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Labour warns over credit rating agency rules

Shadow Treasury financial secretary Chris Leslie is warning new regulation intended to reduce reliance on credit ratings agencies could fortify the position of the big three agencies unless more firms enter the market.

European Commission proposals for the new rules known as Credit Rating Agencies 3 include requirements for firms to rotate the agencies they use every three years or if they make more than 10 consecutive ratings on the same issuance.

Speaking to Money Marketing, Leslie says: “Rotation is a good idea if there are enough players in the market. The key thing is to break long-term relationships between firms and agencies. But with so few agencies, rotation risks actually entrenching relationships between firms and the big agencies by requiring them to be serviced by them for want of enough alternatives.”

“The Government should press for the directive to make sure firms use smaller agencies or for some other mechanism to help build that diversity of provision.”

The European Council is where the UK Government works to influence European policy and along with the European parliament it is yet to publish its response to the Commission’s proposals. Treasury sources say the most recent position in the Council is that the rotation policy would only apply to structured financial products. Once all three bodies publish their positions they will have to enter negotiations to hammer out final rules.

A Treasury spokesman says: “The Government is in favour of further reform which reduces over reliance on CRA ratings, increases transparency and fosters competition by reducing barriers to entry rather than through interventionist measures. We believe such reforms will improve the quality of all classes of ratings: sovereign, structured finance, and corporate.”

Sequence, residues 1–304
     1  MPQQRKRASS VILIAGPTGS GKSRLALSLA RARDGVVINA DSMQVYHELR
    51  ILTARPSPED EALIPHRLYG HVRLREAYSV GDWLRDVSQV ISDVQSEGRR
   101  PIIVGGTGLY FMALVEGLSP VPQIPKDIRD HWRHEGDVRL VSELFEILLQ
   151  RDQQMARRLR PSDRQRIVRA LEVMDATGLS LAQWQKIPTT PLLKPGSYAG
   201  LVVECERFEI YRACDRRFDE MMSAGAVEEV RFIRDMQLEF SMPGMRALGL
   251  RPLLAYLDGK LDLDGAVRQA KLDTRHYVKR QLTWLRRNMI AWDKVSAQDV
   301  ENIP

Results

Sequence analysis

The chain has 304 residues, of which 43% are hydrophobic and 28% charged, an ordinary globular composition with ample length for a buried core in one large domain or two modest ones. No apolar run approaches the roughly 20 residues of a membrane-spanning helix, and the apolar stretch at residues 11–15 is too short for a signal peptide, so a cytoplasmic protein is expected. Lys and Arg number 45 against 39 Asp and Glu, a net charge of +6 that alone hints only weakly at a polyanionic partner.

The Commission also proposed requiring institutional investors to do their own due diligence and for the European Securities and Markets Authority to approve methodologies used by agencies in their ratings.

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Comments

There is one comment at the moment, we would love to hear your opinion too.

  1. I’m certainly no fan of the credit rating agencies. They are incompetent and borderline criminal with their conflict-of-interest (issuer pays) laden business models. But government control or heavy-handed oversight is certainly not the way to go. In fact, government regulations empowered the credit rating agencies by requiring institutions, such as banks, to invest only in debt securities that were rated by one of the agencies. We don’t need more government in this mess, but less. Remove the regulations, such as regulations mentioned in this article related to Solvency II and CRD, and let the market decide whether to use the credit rating agencies or not.

    I talk about the failure of the credit rating agencies and government regulations in my book “Jackass Investing.” I’m pleased to provide readers with a complimentary link to the two chapters dealing with this (Myth #13: It’s Best to Follow Expert Advice and Myth #14: Government Regulations Protect investors):
    http://bit.ly/ugSnBf
    http://bit.ly/tGoIJ1

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